Using music to beat down PTSD and TBI

Julia LeDoux
March 11, 2019 - 12:57 pm
Participants in CAMMO songwriting workshop

Photo courtesy of CAMMO

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Writing and performing songs is just one of the ways Army veteran Eric J. Haynes copes with PTSD and the effects of a traumatic brain injury he suffered 13 years ago while serving in Iraq.

“Music helps me heal,” he said.

Haynes was among 25 active duty service members and veterans who wrote, recorded and performed songs at a workshop put on by the Center for American Military Music Opportunities (CAMMO) March 9 in Arlington, Va.

“Music kind of takes me to another place,” he said. “It helps you process what you go through. I could not have gone through a deployment in Iraq and the ending of my 25-year marriage if I wasn’t musically able to get that out.”

Haynes was a teenager when he wrote his first song but was self-conscious and didn’t begin sharing his music with others until recently. He suffered a TBI when he fell 15 feet and landed on his head while deployed to Iraq in 2006.

“The songs I wrote coming back from Iraq helped me heal,” he said

Jason Hanna is currently on active duty in the Army, a doctoral candidate studying PTSD at the Uniformed Services University and a volunteer life support coach at CAMMO.  He said traumatic brain injuries scramble the way the brain works and how people who suffer them think. Music can help rewire the brain and help people cope with the effects of a TBI, he said.

“Music is an instrument that is totally transformative,” Hanna said.

Janna urged those with PTSD or TBI to simply give music therapy a chance as they work to find their “new normal.”

“You don’t have to take any pills, you don’t have to drink anything, all you have to do is listen,” he said.

The roots of music therapy can be traced back to 1945, when music was used to recondition patients in U.S. Army hospitals. Haynes said writing and singing songs has been beneficial to his recovery.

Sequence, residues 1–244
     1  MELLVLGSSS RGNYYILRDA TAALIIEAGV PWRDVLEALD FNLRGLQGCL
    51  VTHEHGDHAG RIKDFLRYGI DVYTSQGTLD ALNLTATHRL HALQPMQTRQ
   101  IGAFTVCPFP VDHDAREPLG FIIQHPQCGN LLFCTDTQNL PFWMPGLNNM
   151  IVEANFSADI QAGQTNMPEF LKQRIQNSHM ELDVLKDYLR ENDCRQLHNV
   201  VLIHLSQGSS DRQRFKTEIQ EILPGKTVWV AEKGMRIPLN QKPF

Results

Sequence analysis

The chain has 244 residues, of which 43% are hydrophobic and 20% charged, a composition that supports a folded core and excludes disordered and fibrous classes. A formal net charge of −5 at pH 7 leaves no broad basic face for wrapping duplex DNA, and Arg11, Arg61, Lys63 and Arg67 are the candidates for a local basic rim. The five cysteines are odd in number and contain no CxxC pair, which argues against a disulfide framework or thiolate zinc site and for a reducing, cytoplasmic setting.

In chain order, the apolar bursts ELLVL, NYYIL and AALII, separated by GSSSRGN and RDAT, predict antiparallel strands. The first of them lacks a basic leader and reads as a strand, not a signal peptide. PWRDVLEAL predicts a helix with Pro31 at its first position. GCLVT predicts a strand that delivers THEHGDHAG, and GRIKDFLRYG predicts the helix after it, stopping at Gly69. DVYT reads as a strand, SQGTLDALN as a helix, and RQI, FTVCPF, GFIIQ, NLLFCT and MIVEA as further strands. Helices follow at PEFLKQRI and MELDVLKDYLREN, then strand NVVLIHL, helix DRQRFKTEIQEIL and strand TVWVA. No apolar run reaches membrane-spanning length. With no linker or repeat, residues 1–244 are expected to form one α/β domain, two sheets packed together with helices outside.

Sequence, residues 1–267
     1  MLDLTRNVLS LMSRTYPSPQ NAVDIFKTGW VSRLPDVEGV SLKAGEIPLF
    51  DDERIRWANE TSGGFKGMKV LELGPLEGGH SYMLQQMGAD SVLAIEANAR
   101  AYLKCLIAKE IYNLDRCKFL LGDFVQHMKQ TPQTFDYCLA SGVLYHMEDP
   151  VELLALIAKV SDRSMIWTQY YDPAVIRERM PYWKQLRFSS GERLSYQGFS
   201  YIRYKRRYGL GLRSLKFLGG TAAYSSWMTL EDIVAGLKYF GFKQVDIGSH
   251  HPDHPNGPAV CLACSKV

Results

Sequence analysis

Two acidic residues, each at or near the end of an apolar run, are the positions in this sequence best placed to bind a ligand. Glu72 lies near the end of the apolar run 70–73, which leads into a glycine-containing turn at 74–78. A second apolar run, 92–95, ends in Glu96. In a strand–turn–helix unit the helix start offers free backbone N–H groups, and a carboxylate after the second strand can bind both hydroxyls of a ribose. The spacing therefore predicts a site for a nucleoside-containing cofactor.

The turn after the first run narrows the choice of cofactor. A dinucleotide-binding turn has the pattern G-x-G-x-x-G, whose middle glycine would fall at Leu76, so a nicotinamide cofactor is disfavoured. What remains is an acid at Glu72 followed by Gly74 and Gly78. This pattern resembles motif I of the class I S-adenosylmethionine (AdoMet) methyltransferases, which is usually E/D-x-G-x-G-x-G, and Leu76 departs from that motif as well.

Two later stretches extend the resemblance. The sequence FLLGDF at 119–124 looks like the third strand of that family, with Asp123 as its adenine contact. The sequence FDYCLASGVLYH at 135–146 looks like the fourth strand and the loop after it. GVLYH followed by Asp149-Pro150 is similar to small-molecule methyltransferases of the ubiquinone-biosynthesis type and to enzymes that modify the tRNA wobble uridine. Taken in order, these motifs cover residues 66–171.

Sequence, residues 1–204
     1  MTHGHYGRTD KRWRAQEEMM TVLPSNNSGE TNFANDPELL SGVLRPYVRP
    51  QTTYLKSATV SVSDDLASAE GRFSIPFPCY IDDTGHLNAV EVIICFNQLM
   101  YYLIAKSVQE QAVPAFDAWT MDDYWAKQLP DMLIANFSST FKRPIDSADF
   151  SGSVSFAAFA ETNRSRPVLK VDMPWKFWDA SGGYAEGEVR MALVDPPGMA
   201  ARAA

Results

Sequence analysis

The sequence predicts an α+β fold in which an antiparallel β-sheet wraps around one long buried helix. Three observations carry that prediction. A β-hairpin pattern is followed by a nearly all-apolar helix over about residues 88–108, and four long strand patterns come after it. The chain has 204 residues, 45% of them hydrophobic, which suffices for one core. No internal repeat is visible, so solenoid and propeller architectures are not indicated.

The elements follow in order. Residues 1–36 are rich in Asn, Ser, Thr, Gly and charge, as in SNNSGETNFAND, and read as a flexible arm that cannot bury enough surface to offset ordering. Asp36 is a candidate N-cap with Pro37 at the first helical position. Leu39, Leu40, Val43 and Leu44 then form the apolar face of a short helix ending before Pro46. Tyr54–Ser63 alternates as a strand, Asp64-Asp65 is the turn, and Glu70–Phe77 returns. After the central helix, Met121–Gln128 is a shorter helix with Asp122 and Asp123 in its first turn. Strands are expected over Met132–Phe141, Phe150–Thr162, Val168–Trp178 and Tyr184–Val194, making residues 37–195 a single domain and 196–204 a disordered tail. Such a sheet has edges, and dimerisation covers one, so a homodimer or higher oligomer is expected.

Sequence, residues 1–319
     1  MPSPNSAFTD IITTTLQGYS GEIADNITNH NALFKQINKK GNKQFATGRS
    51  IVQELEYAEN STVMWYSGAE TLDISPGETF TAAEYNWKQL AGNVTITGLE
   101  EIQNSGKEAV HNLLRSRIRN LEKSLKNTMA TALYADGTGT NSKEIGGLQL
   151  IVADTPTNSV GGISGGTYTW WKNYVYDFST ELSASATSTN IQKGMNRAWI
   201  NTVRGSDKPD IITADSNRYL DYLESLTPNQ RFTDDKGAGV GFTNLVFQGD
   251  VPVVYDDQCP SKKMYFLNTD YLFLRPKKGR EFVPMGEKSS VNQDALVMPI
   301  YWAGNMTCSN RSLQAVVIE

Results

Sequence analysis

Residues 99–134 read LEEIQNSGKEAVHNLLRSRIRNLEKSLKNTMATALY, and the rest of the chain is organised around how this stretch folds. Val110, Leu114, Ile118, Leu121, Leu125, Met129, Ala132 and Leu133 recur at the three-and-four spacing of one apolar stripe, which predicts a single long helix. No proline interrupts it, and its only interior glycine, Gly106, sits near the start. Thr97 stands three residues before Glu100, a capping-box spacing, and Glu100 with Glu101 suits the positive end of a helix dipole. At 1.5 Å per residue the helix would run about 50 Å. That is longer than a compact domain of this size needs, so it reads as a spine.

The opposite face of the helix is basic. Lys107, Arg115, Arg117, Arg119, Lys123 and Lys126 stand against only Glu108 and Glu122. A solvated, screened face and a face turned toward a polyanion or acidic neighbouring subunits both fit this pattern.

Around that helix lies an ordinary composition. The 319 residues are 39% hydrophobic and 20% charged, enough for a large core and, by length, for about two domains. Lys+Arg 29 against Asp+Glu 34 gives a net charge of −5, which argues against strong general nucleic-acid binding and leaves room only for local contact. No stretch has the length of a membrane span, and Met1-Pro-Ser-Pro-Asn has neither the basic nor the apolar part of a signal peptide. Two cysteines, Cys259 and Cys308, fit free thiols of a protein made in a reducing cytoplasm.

“It’s very therapeutic for myself,” he said. “Music is a universal language, it really is. Just like my service dog. She doesn’t care what language you speak. She just loves.”

CAMMO is a nonprofit organization that was established in 2009.

“We focus on music and music as therapy with the military community,” said CAMMO co-founder and executive director Cathie Lechareas.

Lechareas, who is a Navy veteran, said music allows participants to tell their story.

The songwriting workshop was broken down into four different groups - advanced for those with songwriting and recording experience; urban hip hop; beginners who have never written before and a group that brought songs they had written with them.

"If we help someone through this process, that’s what we want to do,” she said. “There’s a lot of evidence that shows that music helps not only with PTSD and TBI, but Alzheimer’s patients as well.”

Vicki Golding has been a member of the Army National Guard Band for 13 years. She is also a volunteer with CAMMO who used the songwriting workshop to write and record a song about the impact of her recently ended relationship had on her.

“I’m an emotional person,” she said. “If I was not able to sing, I would probably shrivel up and die.”

To learn more about CAMMO, visit its website. 

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